Dear Captain Scott — As you probably are the first to reach this area after us, I will ask you to kindly forward this letter to King Haakon VII. If you can use any of the articles left in the tent please do not hesitate to do so. The sledge left outside may be of use to you. With kind regards I wish you a safe return.Yours truly,
    Roald Amundsen.

    The failed South Pole expedition of Robert Scott,

    The Japanese expedition of ,Nobu Shirase and his crew who were the first human beings to make landfall on Edward VII peninsula, in 1911, and journeyed to 80°05′S – remarkable for such a small expedition. Nobu’s seven man team explored the southern Alexandra range before adverse weather forced them to return to their ship. One remarkable part of this expedition was an unexpected encounter with the Fram, one of Roland Amundsen’s ships, which was waiting for his return from the pole.

    Sir James Clark Ross who between 1839 and 1843, he took two ships, the HMS Erebus and the HMS Terror, farther south than any man had ever traveled. By sailing around the vast coastlines of the continent, Ross was possibly the first to establish that Antarctica was a continent, not just a series of islands. Ross discovered the Victoria Barrier, a massive ice shelf that was later named after him.

  14. SteveC says: August 7, 2014 at 3:34 pm
    “This site seems like a good location for a nuclear reactor!”
    Nuclear reactor are not allowed by Treaty. They used to have one at MacMurdo and others places.

    http://en.wikipedia.org/wiki/McMurdo_Station

    BAS’s aircraft are in Calgary so it would take nearly a week to get down there if they need an air rescue.
    They have done a couple rescues to the South Pole before, in the middle of winter.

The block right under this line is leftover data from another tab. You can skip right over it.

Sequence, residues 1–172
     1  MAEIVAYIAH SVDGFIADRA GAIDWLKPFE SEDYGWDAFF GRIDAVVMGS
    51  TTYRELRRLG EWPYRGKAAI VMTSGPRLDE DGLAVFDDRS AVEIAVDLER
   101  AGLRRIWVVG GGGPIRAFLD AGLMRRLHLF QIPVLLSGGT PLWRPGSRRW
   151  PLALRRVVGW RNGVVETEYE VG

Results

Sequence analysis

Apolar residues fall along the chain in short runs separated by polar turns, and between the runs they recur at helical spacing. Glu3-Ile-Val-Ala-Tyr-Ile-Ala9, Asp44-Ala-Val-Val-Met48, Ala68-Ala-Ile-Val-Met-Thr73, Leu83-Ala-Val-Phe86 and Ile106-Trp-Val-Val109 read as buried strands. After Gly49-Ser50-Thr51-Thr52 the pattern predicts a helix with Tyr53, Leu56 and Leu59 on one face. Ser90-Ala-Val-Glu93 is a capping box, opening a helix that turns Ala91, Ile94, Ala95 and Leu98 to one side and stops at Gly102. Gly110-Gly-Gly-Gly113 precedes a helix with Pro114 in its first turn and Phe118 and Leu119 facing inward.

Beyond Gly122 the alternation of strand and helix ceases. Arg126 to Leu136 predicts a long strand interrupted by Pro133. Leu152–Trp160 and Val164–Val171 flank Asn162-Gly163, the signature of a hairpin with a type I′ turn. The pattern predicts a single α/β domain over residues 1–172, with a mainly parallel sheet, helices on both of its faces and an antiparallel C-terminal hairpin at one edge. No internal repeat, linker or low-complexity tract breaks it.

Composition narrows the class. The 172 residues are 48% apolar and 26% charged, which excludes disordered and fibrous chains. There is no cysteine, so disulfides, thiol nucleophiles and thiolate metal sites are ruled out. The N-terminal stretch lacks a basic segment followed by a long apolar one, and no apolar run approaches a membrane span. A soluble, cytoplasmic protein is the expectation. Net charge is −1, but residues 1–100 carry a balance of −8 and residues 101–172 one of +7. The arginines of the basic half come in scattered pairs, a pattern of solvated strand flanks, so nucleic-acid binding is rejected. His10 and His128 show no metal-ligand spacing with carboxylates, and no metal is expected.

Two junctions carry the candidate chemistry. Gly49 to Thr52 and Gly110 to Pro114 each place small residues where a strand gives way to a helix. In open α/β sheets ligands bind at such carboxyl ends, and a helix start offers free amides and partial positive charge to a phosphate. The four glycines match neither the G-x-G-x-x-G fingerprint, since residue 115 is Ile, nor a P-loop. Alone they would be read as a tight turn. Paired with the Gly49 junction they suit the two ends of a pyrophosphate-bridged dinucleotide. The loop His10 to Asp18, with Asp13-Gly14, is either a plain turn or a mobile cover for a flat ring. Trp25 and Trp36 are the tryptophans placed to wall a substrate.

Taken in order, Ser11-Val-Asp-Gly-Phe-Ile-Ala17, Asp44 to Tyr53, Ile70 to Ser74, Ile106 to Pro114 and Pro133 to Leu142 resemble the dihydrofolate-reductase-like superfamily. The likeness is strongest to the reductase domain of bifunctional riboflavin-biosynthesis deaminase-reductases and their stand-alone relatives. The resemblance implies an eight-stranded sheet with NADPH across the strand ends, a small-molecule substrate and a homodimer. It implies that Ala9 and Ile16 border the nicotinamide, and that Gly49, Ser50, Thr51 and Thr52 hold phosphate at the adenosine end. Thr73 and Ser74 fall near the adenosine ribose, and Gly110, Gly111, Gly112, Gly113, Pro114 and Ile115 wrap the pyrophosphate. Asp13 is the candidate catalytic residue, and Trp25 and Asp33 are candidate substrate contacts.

http://www.cbc.ca/news/canada/pilots-return-after-historic-south-pole-rescue-1.286100

  15. Diesel fuel is usually warmed by the diesel engine in really cold environments to help keep it flowing and reduce condensation. Lose the engine performance and eventually you probably lose the fuel flow. Fuel additives can only do so much to help keep it flowing and to fight ice crystals clogging the fuel filter, especially if you’ve waited too long and let the fuel thicken. Diesels can only limp along for a while at reduced performance before the whole system freezes up.

    I pray they’ll conquer the problem, whatever it is.

  16. “reliable diesel generators …” This might be one of the few environments in which liquefied natural gas (LNG) would be a better choice. You have to keep LNG quite cold to maintain manageable pressure (LNG boiling temp is -260°F (-160°C)), so no matter how cold it gets in Antarctica you will still have vapor boiling off to use for heat or powering generators. No need to worry about your fuel lines clogging with congealed fuel. Natural gas burns a lot cleaner than diesel so the lubricating oil lasts a lot longer.

  17. Let us remember that over a century ago the men of Scott’s 1910 expedition survived the winter in a base camp without single watt of electrical power. The wooden hut had insulation made from woven seaweed. Lighting was provided by acetylene lights with the gas being generated by a carbide generator while heating come from coal stoves. This kept 25 men and 19 ponies alive rather effectively. The hut is still there and reportedly in good condition.

    I sincerely hope that modern polar explorers have a fall back heating system. The thing about coal is it will work just fine in Antarctica no matter how cold it gets and it has an indefinite shelf life. I cant say I’m hopeful though, The new base was designed by an architect with no polar experience who specialised in museums, art galleries and visitor centres. His priorities were to give all the bedrooms a bubble window with a nice view and he brought in a ‘colour psychologist’ to pick the interiors.